Friday, 30 August 2013

Nagios: Monitor your Network Infrastructure

You can monitor your firewall, routers, network switches etc. using Nagios.  These days most of the switches and routers supports SNMP, and you can monitor port status with the check_snmp plugin and bandwidth using MRTG with the check_mrtgtraf plugin. You need to install plugin if you want to monitor your firewall.

I assume you have already installed and configured Nagios on the Nagios monitoring server. If not follow the instructions here. Once your Nagios server is ready you 'll need to follow these steps to monitor your network infrastructure.

1. Enable Switch configuration file in Nagios.cfg 

Edit the nagios configuration file, unckeck switch.cfg.

# vim /usr/local/nagios/etc/nagios.cfg


2. Define hosts for Switch/Router/Firewall

Open the configuration file and change the host_name, alias, and address fields to appropriate values for the switch.

# vim /usr/local/nagios/etc/objects/switch.cfg

# Define the switch that we'll be monitoring

define host{
        use                    generic-switch                      ; Inherit default values from a template
        host_name       catalyst-4500                       ; The name we're giving to this switch
        alias                  Cisco Catalyst 4500 Switch  ; A longer name associated with the switch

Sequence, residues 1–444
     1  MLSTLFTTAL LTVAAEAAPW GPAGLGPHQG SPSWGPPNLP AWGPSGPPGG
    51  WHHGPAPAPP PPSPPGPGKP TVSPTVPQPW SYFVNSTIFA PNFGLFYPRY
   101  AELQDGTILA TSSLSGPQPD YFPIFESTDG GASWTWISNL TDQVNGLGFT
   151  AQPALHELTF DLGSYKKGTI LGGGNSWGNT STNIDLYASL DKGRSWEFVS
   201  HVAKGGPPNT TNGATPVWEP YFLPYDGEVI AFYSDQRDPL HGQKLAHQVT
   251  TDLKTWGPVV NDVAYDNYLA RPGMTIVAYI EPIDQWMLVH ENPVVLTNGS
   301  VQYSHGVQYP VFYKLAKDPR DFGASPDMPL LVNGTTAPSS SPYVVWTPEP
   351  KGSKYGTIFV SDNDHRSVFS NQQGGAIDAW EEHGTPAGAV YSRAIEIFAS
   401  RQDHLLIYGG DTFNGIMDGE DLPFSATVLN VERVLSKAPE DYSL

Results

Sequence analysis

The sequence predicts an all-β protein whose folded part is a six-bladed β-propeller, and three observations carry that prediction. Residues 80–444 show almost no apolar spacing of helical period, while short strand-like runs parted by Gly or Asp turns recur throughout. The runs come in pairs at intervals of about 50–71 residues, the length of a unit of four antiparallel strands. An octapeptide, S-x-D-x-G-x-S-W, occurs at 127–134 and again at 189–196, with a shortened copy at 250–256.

address                            ; IP address of the switch
        hostgroups       switches                                 ; Host groups this switch is associated with

Open the configuration file and change the host_name, alias, and address fields to appropriate values for the firewall as well as router.

3. Monitoring services for Switch/Router/Firewall

Add the following service definition to monitor packet loss and round trip average between the Nagios host and the switch every 5 minutes under normal conditions.

# Create a service to PING to switch

define service{
        use                             generic-service ; Inherit values from a template
        host_name               catalyst-4500   ; The name of the host the service is associated with
        service_description  PING                ; The service description
        check_command     check_ping!200.0,20%!600.0,60%  ; The command used to monitor the service
        normal_check_interval   5               ; Check the service every 5 minutes under normal conditions
        retry_check_interval       1               ; Re-check the service every minute until its final/hard state is determined

This service will be:
CRITICAL if the round trip average (RTA) is greater than 600 milliseconds or the packet loss is 60% or more 
WARNING if the RTA is greater than 200 ms or the packet loss is 20% or more
OK if the RTA is less than 200 ms and the packet loss is less than 20%

# Monitor uptime via SNMP

        host_name                  catalyst-4500
        service_description     Uptime
        check_command         check_snmp!-C public -o sysUpTime.0

# Monitor Port 1 status via SNMP

define service{
        use                               generic-service ; Inherit values from a template